• Try to tolerate long periods of time spent on personal care, such as hours in the bathroom, but chat to your child about reasonable family time limits.
  • Talk to your child about any permanent changes they want to make to their body, such a tattoos and piercings, and discuss temporary alternatives, such as henna (removable) tattoos.
  • If your child has acne, talk to them about how they feel about it. If it is bothering them, ask if they would like to see a doctor. Your doctor may refer your teenager to a skin specialist or dermatologist.

How you can support your daughter during puberty

Helping your daughter with firsts, such as being ready for her first period are really important. Discreetly pack some sanitary items in her schoolbag, and explain to her how to use them (for example, not sleeping with a tampon in place). 

Be ready for period pain: a hot water bottle and pain relief from your doctor or pharmacist may help. Talk to your doctor if your daughter hasn’t had her period by 16 or 17 years of age, or if her periods stop after they’ve started. 

Remember, explain to your daughter that all these changes are natural and happen to every girl in her own time.

How you can support your son during puberty

Helping your son through puberty is mostly about reassurance. Reassure your son that testes develop unevenly, and it’s common for one to be lower than the other. If your son’s testes are very small or not both in the scrotum, see your GP.

You may also need to reassure your son that penis size does not affect sexual functioning, and that erect penises are usually very similar in size. Every boy develops in his own time. Ejaculating during sleep (sometimes called a wet dream) and spontaneous erections are both normal. 

If your son experiences breast growth or tenderness, he may be concerned. Again, reassurance is the key. Any tenderness is likely to settle once his chest widens. If your son feels small or too thin for his age, reassure him he will grow in time. 

Remember, you know your child best. If anything about their development concerns you, see your GP.

How to talk about puberty and body image 

The best time to talk about puberty with your child is before it begins. Take an open and relaxed approach to chatting with your child. 

Use the correct terms for body parts so your child learns the right words and is comfortable using them when talking about their body. They need to know their body parts are normal and natural, with words to match.

You may like to open a conversation by asking whether your child has learned about puberty at school and what they’ve been taught. 

Convey facts in the conversation, such as ‘Every kid goes through these changes, but not always at the same time. Have you noticed that?’ And talk about your values too: for instance, you may choose to say that you think a behaviour such as masturbation is a normal way to handle sexual feelings.

Pick a time to talk when there are no distractions, and don’t be worried if your child doesn’t want to share everything with you. They may prefer to talk to your family doctor or a counsellor.

Kids Helpline has useful information about talking to young people about puberty and body image. You may choose to let your child read the Kids Helpline information on body changes and sexuality.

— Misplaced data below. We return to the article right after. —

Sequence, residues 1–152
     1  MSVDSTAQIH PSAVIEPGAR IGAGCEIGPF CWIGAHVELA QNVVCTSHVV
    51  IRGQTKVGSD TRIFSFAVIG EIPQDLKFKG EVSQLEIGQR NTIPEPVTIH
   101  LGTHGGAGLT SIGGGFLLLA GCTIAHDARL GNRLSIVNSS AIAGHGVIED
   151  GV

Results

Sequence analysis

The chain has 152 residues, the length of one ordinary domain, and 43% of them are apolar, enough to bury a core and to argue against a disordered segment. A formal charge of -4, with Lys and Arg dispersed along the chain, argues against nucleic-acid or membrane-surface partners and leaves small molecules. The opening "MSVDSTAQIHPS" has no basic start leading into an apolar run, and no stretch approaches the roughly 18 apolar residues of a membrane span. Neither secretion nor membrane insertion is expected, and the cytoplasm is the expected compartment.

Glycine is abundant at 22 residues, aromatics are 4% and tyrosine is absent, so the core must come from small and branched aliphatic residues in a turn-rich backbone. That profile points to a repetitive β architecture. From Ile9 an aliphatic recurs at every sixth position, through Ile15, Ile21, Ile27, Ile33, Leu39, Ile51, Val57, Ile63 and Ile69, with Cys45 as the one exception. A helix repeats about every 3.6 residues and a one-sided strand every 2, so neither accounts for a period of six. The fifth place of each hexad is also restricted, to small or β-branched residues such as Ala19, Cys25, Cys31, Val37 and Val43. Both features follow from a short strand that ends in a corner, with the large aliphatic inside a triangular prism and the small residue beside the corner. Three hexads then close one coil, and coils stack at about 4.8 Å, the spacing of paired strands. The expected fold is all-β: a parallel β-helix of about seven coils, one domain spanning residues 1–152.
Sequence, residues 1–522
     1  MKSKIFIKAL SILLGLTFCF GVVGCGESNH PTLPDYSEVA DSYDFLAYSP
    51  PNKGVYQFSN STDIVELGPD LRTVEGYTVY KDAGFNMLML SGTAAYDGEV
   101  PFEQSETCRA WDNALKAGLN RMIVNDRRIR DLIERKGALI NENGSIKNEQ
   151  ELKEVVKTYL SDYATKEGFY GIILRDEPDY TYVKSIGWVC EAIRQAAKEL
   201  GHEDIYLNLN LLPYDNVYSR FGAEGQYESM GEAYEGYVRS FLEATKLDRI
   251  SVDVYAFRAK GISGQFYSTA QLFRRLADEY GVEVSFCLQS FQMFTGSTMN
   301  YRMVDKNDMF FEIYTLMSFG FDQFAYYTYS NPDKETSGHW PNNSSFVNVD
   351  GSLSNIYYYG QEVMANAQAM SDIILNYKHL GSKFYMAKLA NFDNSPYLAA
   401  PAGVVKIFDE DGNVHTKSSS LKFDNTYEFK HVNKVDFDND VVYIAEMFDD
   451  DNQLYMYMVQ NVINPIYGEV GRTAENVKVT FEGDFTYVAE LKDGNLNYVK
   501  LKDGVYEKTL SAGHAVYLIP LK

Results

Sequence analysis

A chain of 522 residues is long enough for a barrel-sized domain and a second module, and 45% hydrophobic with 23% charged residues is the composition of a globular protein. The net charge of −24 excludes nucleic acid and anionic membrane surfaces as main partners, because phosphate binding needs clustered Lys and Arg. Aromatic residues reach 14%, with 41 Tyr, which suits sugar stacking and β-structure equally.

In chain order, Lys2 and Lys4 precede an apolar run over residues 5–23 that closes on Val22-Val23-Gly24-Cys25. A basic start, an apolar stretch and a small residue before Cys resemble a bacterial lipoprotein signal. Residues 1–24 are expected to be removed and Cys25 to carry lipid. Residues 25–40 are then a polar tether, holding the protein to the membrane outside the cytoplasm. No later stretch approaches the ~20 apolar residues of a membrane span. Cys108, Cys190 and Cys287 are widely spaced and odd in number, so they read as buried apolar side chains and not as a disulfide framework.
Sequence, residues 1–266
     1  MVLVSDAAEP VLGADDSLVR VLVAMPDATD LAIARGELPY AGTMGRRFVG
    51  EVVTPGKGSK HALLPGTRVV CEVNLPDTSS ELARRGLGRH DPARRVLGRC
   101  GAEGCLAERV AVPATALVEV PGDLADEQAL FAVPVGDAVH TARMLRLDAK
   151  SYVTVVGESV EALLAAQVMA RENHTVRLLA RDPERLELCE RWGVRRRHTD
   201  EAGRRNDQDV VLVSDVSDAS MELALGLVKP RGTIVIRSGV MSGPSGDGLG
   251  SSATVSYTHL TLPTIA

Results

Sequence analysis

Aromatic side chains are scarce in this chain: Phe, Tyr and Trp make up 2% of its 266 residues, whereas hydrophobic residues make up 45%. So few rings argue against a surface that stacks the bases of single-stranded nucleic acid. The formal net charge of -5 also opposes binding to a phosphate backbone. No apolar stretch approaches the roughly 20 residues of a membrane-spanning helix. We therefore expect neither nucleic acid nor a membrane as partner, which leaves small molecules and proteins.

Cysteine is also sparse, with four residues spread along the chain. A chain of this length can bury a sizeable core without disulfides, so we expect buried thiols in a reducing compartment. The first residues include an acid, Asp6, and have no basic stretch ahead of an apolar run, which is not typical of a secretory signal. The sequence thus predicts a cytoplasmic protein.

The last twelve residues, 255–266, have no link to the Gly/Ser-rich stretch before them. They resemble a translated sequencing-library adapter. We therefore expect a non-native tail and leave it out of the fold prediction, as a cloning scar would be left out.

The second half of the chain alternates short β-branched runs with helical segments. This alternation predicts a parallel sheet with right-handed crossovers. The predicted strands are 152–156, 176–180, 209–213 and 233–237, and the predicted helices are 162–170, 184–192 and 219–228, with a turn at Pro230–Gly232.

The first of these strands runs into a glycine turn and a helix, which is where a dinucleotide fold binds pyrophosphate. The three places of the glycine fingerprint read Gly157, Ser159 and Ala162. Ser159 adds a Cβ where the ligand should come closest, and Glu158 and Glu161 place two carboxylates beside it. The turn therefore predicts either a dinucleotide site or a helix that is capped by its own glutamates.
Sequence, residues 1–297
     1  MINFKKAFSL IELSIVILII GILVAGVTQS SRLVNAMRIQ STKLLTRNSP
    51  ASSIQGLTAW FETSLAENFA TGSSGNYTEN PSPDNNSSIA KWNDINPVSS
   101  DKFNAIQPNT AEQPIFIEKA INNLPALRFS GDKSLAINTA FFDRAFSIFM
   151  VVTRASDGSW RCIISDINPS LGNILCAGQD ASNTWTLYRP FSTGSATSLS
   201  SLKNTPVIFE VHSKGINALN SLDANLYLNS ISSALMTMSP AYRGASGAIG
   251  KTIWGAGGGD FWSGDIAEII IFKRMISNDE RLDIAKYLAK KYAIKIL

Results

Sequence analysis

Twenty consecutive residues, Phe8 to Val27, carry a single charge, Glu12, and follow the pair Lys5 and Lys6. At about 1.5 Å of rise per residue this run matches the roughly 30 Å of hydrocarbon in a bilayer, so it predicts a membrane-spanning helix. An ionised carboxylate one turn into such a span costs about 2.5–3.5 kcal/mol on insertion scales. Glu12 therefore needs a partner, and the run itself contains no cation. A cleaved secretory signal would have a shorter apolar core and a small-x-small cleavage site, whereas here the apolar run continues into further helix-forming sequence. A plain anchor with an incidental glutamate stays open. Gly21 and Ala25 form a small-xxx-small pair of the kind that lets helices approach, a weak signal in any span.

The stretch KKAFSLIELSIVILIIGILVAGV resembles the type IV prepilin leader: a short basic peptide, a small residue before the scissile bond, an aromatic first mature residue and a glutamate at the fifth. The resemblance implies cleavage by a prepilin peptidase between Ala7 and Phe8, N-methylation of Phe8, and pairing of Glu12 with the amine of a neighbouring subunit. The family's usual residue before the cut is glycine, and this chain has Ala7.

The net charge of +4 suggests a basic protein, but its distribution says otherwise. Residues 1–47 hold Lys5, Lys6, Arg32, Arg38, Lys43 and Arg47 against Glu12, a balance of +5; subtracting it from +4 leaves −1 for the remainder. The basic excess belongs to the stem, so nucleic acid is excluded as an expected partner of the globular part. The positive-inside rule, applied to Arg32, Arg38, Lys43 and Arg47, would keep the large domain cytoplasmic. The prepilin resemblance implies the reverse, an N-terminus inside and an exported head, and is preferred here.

How to foster positive independence during puberty

It’s normal for your child to want more independence – but still need your support – during puberty or teen years. They may take risks as they explore their boundaries.

As a parent, you may be worried about your child’s safety, and find yourself arguing with them about their push for independence. Try to stay calm and work through the issues with your child. Communicate openly, and make sure your child knows you’re there for them. Stay available, because being accessible is the best way to find out what your child is doing and to help keep them safe. 

Talk to your child about making good decisions, and your family’s values. Ask your child to tell you where they are and what they’re doing. 

How to look after yourself at this time

It’s important that you look after yourself during this potentially challenging time in your child’s development. Trust in your skills as a parent – and talk to others or read up on the subject so you feel confident in guiding your child through it. 

Puberty is the beginning of your child’s transformation into an adult. Take some time to accept that your child, and your role as parent and your family dynamic, is changing.

You may also need to accept that you won’t have total control over your child’s choices and life direction once they’re a young adult. It may help to trust that you’ve done your best as a parent and trust in your young person. But if your child makes new friendships that lead to activities that concern you, such as violence or drug taking, you may feel particularly stressed. In these times it may be useful to seek the advice of a family counsellor or a service like Relationships Australia (which offers parenting advice as well as relationship education programs).

Stay available and caring. Let your child know you are there for them, no matter how old they are. Take some time for yourself to reduce stress, and look after your own needs if this time is particularly challenging. 

Some tips for ways to take care of yourself are listed below.

  • Prepare a weekly family plan, so you know what people are doing and where they need to be. Include some fun family rituals, like Saturday night cards, or maybe a weekly walk or bike ride. Don’t forget to schedule some time for yourself. 
  • Nurture your relationship with your partner. Remember, they’re facing many of the same challenges that you are. A regular date night in your family schedule can work wonders. 
  • Use your support networks, like grandparents, other family members and friends. What child (including your teenager) doesn’t enjoy being spoiled by a doting grandparent? You could also share carpooling or supervision duties with friends. 
  • Ask the kids to help out with household chores. Your child will learn some new skills, gain some new responsibility, and it will lighten the load for you as parents and carers. 
  • Stay positive and keep things in perspective. 

For an extra boost, you could try some meditation, yoga or deep breathing exercises. The Australian Government Department of Health has more useful tips for dealing with adolescents and looking after yourself during this development stage in your child’s life. 

Where to get help


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Maternal and child health

Parenting basics

Family structures

Communication, identity and behaviour

Raising healthy children

Common childhood health concerns


Keeping yourself healthy

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This page has been produced in consultation with and approved by: Relationships Australia Victoria

Last updated: November 2019